I find myself at leisure this Monday morning, June 1, to notice your very singular letter of Saturday. <I sent George home yesterday without a reply to your letter for I felt somewhat too angry to make one. I have followed the example of Victorine and slept upon the matter>. & you shall now hear what I have to say. In the first [page 130:] place — your attempts to bully me excite in my mind <nothing> scarcely any other sentiment than mirth. When you address me again preserve if you can, the dignity of a gentleman. If by accident you have taken it into your head <by any sad accident> that I am to be insulted with impunity I can only assume that you are an ass. This one point being distinctly understood <we shall be the better able to enter into some arrangement and in regard to myself individually> I shall feel myself more at liberty to be explicit. As for the rest, you do me gross injustice; and you know it. As usual you have wrought yourself into a passion with me on account of some imaginary wrong; for no real injury, or attempt at injury, have you ever received at my hands. As I live, I am utterly unable to say why you are angry, or what true grounds of complaint you have against me. You are a man of <high passions> impulses; have made yourself, in consequence, some enemies; have been in many respects ill treated by those whom you had looked upon as friends-and these things have rendered you suspicious. You once wrote in your magazine [a sharp critique] upon a book of mine — a [very silly book — Pym. Had I written a simi]lar critici[sm] upon a book of yours, you feel that you would [have been] my enemy for life, and you therefore ima[give in my] bosom a latent hostility towards yourself. This has been a mainspring in your whole conduct towards me since our first acquaintance. It has acted to prevent all cordiality. In a general view of human nature your idea is just-but you will find yourself puzzled in judging me by ordinary motives. Your criticism was essentially correct and therefore, although severe, it did not occasion in me one solitary emotion either of anger or dislike. But even while I write these words, I am sure you will not believe them. Did I not still think you, in spite of the exceeding littleness of some of your hurried actions, a man of many honorable impulses, I should not now take the trouble to send you this letter. I cannot permit myself to suppose that you would say to me in cool blood what you said in your letter of yesterday. You are, of course, only mistaken, in asserting that I owe you a hundred dollars, and you will rectify the mistake at once when you come to look at your accounts. Soon after I joined you, you made me an offer of money, and I accepted $20. Upon another occasion, at my request, you sent me enclosed in a letter $30. Of this 30, I repaid 20 within the next fortnight (drawing no salary for that period.) I was thus still in your debt $30, when not long ago I again [page 131:] asked a loan of $30, which you promptly handed to me at your own house. Within the last 3 weeks, 3 $ each week have been retained from my salary, an indignity which I have felt deeply but did not resent. You state the sum retained as $8, but this I believe is through a mistake of Mr Morrell. My postage bill at a guess, might be 9 or 10 $ — and I therefore am indebted to you, upon the whole, in the amount of about $60. More than this sum I shall not pay. You state that you can no longer afford to pay $ 50 per month for 2 or 3 pp, of M.S. Your error here can be shown by reference to the [Magaz]ine. During my year with you I have writ[ten — ]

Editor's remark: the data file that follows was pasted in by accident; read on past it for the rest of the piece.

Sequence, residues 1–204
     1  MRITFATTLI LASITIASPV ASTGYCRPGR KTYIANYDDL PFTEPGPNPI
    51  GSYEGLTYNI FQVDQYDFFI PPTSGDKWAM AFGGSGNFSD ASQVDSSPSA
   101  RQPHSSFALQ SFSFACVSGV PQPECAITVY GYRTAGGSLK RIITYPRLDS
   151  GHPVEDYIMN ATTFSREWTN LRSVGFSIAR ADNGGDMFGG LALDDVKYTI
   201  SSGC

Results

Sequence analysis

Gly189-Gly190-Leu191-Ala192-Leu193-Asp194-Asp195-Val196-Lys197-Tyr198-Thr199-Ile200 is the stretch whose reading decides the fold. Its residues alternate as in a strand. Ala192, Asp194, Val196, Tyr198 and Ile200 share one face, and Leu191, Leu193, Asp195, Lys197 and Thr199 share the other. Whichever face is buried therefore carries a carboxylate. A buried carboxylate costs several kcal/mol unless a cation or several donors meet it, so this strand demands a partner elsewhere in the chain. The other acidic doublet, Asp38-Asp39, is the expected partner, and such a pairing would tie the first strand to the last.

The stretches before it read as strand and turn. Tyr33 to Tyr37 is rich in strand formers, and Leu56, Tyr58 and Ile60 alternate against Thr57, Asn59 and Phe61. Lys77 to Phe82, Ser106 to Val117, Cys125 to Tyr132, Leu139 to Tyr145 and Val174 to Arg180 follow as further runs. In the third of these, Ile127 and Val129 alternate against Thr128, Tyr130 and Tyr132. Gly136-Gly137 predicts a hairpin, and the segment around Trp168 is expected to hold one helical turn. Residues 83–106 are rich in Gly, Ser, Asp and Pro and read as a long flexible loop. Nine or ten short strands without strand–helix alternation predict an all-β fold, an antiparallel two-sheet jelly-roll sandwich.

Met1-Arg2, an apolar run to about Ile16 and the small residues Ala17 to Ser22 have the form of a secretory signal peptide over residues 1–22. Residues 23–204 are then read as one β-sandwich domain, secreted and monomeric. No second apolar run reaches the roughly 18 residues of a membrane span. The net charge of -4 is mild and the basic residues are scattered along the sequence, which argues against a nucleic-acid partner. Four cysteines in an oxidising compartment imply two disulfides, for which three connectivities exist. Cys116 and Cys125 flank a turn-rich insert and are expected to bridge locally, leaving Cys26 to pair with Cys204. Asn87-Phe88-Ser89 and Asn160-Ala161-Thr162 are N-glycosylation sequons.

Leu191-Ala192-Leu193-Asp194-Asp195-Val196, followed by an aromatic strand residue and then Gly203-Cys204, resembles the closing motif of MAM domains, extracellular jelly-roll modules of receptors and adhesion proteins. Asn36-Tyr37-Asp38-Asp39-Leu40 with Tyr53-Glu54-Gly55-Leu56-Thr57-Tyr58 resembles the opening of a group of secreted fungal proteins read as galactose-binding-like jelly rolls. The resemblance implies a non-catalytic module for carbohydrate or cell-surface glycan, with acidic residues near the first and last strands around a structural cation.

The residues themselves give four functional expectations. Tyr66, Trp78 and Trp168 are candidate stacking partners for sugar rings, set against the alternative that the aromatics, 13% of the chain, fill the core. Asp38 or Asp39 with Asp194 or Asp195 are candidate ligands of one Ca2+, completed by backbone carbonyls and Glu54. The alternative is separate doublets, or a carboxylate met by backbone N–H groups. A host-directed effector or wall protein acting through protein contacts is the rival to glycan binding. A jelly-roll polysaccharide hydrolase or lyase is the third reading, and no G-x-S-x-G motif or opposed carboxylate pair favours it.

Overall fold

[in] July — 5 pp

August 9

Sept 16

Octo. 4

Nov. 5

Dec. 12

Jan 9

Feb 12

Mar 11

April 17+

May 14 + 5 copied — Miss McMichael, M.S.

June 9 + 3 “ Chandlers.